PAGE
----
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Abstract

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Seismic Stratigraphy and Geologic History of 
Jurassic Rocks, Northeastern Gulf of Mexico
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Laura M. Dobson2 and Richard T. Buffler3

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ABSTRACT

A grid of two-dimensional seismic data tied to exploration wells defines four Jurassic sequences in the northeastern Gulf of Mexico. These sequences correlate with well-known northern Gulf of Mexico basin stratigraphic units: the Louann Salt (L sequence), Norphlet and Smackover formations (N-S sequence), Haynesville Formation (H sequence), and Cotton Valley Group (C sequence). The Jurassic section overlies a basement surface characterized by broad highs (Middle Ground arch and Southern platform) and lows (Apalachicola basin and Tampa embayment). This basement structure controlled the distribution, thickness, and paleogeography of all the Jurassic sequences, but its influence became progressively less pronounced as sediment filled the basin.

The Jurassic geologic history of the region is developed from an interpretation of these sequences. Well control documents the presence of Louann Salt in the Apalachicola basin, whereas in the Tampa embayment the interval is interpreted
 
 


©Copyright 1997. The American Association of Petroleum Geologists. All rights reserved.

1Manuscript received February 24, 1995; revised manuscript received February 15, 1996; final acceptance August 13, 1996.

21508 Columbia Drive, Cedar Falls, Iowa 50613.

3The University of Texas Institute for Geophysics, 8701 North MoPac Expressway, Austin, Texas 78759.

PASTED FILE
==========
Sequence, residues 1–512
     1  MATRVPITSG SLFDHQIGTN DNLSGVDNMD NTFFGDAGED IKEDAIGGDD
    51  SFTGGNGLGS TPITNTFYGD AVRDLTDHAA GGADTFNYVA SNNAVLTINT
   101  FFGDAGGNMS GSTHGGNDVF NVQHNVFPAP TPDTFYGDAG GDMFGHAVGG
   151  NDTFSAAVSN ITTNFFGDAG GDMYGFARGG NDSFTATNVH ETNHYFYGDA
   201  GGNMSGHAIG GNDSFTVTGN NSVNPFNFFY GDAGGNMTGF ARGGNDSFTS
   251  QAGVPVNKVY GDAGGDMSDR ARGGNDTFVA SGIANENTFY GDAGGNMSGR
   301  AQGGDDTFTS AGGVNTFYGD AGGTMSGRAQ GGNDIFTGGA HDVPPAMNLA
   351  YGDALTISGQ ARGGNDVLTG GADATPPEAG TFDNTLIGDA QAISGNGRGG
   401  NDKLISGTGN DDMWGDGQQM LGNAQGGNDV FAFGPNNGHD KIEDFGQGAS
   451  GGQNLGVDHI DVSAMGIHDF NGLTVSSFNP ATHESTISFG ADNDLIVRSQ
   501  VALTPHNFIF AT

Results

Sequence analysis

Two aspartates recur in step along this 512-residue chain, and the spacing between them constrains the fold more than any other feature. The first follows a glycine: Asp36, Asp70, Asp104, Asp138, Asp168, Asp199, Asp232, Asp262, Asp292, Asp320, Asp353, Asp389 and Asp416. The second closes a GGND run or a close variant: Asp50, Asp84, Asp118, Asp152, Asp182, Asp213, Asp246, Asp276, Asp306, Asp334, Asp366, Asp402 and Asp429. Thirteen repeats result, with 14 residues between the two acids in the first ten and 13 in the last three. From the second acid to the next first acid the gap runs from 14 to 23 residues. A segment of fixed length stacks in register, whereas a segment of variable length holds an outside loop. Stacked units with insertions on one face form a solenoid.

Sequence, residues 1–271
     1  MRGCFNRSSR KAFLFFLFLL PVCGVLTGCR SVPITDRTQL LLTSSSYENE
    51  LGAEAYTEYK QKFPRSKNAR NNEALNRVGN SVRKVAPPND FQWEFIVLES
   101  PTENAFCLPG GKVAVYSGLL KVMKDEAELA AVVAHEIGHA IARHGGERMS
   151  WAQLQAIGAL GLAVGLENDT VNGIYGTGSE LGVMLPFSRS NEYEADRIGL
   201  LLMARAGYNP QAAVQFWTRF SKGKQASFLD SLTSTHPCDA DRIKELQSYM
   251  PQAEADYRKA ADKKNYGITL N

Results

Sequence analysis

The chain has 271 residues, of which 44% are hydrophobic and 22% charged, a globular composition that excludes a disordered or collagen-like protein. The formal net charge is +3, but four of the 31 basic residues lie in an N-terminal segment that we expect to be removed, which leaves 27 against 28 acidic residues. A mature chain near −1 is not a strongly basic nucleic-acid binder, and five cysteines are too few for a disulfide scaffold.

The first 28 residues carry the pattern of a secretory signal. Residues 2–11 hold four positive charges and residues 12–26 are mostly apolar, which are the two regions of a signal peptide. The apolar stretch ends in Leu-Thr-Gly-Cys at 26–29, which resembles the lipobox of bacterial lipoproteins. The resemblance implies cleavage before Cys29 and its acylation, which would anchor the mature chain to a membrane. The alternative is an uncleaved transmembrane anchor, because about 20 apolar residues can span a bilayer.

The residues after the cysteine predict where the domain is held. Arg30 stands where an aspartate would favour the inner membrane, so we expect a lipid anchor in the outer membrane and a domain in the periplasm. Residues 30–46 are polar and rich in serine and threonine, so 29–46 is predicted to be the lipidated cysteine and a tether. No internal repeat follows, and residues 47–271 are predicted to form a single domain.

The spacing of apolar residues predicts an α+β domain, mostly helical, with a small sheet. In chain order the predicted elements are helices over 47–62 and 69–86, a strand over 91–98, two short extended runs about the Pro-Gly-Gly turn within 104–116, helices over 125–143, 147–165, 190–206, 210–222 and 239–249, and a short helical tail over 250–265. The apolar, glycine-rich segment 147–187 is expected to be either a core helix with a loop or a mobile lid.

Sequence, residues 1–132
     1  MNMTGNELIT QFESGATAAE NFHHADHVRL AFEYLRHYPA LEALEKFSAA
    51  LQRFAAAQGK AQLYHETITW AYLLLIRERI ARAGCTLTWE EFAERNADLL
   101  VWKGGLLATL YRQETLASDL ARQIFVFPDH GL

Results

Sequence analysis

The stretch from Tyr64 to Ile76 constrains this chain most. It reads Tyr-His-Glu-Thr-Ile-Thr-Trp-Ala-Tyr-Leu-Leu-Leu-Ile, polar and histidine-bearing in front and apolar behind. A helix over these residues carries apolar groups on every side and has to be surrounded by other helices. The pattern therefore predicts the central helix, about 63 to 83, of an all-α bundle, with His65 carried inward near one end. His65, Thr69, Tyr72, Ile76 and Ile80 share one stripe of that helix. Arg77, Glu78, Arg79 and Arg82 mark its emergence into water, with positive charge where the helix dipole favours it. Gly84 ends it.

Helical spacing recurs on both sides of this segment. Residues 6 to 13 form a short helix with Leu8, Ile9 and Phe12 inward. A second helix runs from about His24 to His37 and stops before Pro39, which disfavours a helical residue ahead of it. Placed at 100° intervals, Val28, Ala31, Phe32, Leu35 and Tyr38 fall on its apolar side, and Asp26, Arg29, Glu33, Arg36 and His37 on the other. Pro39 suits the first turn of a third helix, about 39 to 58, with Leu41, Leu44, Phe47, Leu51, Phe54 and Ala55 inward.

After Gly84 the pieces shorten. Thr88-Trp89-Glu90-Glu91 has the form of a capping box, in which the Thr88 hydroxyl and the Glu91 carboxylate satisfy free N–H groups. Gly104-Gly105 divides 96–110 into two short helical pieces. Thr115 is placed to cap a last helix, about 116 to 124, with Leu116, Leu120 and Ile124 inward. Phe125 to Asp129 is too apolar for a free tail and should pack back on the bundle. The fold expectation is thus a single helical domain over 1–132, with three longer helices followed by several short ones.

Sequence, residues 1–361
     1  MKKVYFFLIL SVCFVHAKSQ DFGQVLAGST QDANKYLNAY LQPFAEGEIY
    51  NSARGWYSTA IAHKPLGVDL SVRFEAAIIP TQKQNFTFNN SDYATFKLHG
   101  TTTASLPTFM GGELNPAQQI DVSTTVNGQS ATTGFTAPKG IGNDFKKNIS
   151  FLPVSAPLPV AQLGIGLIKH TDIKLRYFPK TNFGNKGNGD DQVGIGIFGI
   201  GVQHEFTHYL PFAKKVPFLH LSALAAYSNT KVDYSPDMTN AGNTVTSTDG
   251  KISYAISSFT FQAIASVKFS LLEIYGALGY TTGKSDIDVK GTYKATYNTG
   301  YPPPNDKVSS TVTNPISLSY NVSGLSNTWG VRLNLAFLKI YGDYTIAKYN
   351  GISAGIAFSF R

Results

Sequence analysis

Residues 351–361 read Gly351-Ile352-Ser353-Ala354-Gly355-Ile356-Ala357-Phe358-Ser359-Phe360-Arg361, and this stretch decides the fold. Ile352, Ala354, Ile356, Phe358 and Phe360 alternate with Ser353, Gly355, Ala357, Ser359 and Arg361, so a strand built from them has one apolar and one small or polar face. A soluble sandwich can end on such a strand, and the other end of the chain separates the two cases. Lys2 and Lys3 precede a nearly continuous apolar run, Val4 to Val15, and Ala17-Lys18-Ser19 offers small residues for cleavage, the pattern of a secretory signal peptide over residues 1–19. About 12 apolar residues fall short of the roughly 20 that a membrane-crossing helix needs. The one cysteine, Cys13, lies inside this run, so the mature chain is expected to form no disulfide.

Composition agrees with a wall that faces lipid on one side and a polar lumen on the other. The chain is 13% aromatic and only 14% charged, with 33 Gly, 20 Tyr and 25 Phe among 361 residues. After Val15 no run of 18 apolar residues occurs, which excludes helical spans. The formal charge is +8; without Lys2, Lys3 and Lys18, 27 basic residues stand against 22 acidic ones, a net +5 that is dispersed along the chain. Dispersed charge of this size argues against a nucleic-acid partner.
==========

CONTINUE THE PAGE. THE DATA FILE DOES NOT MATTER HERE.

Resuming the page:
This study was conducted as partial fulfillment of the requirements for a Master of Arts degree in Geological Sciences, which was received by Laura M. Dobson in August 1990 at the University of Texas at Austin. We would like to thank Amos Salvador and Joel Watkins for serving as committee members. We thank Charles Bowen of Petty-Ray Geophysical Division, Geosource Inc. (now Halliburton Geophysical Services), John Hood, formerly of Digicon Geophysical Company Inc., and Marc Lawrence of Fairfield Industries for the use of industry seismic data. We are also grateful to Peter M. Duncan, then with Exploitech Inc., for assistance in obtaining seismic data from Digicon, and to Kim Klitgord and William Dillon of the U.S. Geological Survey for supplying copies of USGS seismic data. Fred Paulus of Petrofina Delaware Inc. provided much of the well information. Brad Macurda (The Energists) and Grant MacRae (Texas A&M) shared helpful ideas on Jurassic deposition. Financial support for this study was provided by the Texas Higher Education Coordinating Board Advanced Research Program, Union Oil Company of California, and the Gulf Coast Association of Geological Societies. Special thanks goes to Xiang Li for his help with the computer-generated graphics. Finally, we wish to thank AAPG reviewers Clyde Moore, Ernest Mancini, and Gregor Eberli for their constructive reviews. The University of Texas at Austin Institute for Geophysics Contribution No. 1148.

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